Life lobs us into the air like a stone, and we fly along, saying as we go: You see, I'm moving.
I live always in the present. I know nothing of the future and no longer have a past. The former weighs me down with a thousand possibilities, the latter with the reality of nothingness.
It's like being intoxicated with inertia, drunk but with no enjoyment in the drinking or in the drunkenness.
Let's buy books so as not to read them; let's go to concerts without caring to hear the music or see who's there; let's take long walks because we're sick of walking; and let's spend whole days in the country, just because it bores us.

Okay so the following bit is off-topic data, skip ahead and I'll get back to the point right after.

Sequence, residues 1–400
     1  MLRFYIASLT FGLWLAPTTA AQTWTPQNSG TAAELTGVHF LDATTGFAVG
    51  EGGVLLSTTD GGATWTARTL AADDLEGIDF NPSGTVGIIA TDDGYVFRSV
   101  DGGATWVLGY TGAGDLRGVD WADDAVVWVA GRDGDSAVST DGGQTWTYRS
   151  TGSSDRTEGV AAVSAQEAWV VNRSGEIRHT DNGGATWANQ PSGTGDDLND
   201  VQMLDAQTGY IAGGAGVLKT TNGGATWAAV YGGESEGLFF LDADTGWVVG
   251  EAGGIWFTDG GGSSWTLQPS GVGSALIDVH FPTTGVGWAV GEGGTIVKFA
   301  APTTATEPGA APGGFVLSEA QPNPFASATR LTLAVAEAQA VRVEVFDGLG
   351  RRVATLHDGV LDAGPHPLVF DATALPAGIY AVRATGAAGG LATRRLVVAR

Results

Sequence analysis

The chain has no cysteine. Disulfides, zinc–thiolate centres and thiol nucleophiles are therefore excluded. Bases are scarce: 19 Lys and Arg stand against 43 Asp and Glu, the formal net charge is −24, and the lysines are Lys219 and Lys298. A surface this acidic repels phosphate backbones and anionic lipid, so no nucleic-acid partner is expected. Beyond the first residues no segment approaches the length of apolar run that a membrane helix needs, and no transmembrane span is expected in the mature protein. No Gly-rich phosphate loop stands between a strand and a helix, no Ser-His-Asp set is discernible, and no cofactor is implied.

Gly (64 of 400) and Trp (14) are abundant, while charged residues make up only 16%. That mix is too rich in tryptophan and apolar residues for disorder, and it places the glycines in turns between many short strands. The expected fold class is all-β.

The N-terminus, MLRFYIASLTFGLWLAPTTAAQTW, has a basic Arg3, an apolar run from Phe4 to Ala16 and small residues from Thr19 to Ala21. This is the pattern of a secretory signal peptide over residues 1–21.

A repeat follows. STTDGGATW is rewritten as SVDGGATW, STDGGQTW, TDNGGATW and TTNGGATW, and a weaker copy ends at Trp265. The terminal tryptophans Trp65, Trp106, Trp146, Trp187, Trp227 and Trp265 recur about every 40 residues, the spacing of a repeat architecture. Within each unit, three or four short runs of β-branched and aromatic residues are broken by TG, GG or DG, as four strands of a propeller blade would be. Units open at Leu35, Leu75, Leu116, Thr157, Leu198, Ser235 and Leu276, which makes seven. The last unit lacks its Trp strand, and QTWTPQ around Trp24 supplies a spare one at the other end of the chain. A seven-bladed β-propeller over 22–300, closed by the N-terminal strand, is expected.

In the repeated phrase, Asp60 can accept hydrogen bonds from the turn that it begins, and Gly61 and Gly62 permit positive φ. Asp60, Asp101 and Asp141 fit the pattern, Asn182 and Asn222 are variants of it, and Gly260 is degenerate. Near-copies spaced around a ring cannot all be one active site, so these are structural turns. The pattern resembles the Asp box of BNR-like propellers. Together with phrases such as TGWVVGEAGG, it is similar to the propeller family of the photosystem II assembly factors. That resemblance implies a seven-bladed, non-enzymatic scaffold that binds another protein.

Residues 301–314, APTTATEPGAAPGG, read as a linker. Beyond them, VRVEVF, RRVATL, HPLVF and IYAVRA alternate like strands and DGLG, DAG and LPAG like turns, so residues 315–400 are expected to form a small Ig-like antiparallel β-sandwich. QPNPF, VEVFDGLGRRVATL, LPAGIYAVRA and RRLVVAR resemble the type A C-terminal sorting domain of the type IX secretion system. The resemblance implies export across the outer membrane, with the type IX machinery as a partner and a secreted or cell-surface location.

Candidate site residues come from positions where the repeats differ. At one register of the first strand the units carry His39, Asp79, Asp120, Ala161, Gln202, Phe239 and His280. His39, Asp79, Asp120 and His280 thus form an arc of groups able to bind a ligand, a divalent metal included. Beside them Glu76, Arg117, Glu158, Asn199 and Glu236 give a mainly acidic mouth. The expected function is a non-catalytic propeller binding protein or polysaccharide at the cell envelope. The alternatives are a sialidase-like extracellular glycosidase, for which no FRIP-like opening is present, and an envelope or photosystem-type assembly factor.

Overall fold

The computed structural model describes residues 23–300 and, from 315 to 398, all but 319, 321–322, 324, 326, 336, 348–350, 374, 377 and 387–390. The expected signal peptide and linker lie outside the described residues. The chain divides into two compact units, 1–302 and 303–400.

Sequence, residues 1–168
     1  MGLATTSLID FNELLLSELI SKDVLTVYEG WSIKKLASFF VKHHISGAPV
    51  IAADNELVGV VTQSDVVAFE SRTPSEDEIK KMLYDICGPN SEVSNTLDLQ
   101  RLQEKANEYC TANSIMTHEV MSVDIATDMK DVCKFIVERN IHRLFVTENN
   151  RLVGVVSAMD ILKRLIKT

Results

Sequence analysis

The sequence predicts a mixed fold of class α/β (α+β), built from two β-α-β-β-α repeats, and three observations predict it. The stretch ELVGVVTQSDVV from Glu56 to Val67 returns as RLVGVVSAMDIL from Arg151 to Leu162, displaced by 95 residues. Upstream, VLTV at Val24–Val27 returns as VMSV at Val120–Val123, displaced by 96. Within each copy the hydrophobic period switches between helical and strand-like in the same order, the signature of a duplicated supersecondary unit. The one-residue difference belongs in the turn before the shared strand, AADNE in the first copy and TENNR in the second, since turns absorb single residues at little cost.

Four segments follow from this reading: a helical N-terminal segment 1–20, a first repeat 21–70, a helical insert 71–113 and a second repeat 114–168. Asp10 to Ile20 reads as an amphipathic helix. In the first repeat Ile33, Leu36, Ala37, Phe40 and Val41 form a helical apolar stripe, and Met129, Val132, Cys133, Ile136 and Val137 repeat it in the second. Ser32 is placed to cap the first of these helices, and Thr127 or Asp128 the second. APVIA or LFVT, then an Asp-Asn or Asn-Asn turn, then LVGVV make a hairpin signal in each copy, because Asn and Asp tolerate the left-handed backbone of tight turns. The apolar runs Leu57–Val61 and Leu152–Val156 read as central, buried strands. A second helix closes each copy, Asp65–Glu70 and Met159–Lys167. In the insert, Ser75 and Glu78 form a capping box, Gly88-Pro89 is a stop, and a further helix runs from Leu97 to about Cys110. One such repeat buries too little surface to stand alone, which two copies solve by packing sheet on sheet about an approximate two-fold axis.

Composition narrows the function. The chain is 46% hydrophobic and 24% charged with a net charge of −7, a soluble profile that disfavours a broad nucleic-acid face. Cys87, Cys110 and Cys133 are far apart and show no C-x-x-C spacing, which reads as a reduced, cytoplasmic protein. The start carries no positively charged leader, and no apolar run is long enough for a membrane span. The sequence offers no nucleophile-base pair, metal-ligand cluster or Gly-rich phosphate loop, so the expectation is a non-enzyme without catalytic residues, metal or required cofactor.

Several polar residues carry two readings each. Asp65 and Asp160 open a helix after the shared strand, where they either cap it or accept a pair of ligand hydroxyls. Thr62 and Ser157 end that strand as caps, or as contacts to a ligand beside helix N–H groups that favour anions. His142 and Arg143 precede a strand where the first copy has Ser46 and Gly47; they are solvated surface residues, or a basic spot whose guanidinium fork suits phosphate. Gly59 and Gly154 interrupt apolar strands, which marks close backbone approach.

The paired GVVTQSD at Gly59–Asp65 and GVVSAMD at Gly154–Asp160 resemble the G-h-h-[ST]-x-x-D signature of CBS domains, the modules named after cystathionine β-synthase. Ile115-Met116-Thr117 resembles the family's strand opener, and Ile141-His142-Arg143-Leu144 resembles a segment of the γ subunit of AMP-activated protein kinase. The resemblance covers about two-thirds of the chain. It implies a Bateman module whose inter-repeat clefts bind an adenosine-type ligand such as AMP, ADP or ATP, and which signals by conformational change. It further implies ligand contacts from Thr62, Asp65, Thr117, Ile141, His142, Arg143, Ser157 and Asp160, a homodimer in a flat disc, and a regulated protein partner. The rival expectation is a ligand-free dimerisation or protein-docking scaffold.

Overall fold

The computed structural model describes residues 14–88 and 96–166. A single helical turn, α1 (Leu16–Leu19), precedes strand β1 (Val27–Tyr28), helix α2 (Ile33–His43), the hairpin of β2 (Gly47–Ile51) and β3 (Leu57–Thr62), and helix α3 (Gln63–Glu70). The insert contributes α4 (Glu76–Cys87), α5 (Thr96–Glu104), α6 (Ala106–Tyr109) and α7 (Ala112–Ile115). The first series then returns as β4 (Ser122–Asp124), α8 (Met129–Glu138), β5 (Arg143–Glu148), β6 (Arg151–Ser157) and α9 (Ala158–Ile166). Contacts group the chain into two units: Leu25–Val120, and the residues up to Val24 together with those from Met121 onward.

We all love each other, and the lie is the kiss we exchange.
But someone afflicted by tedium feels himself the prisoner of a futile freedom, in a cell of infinite size.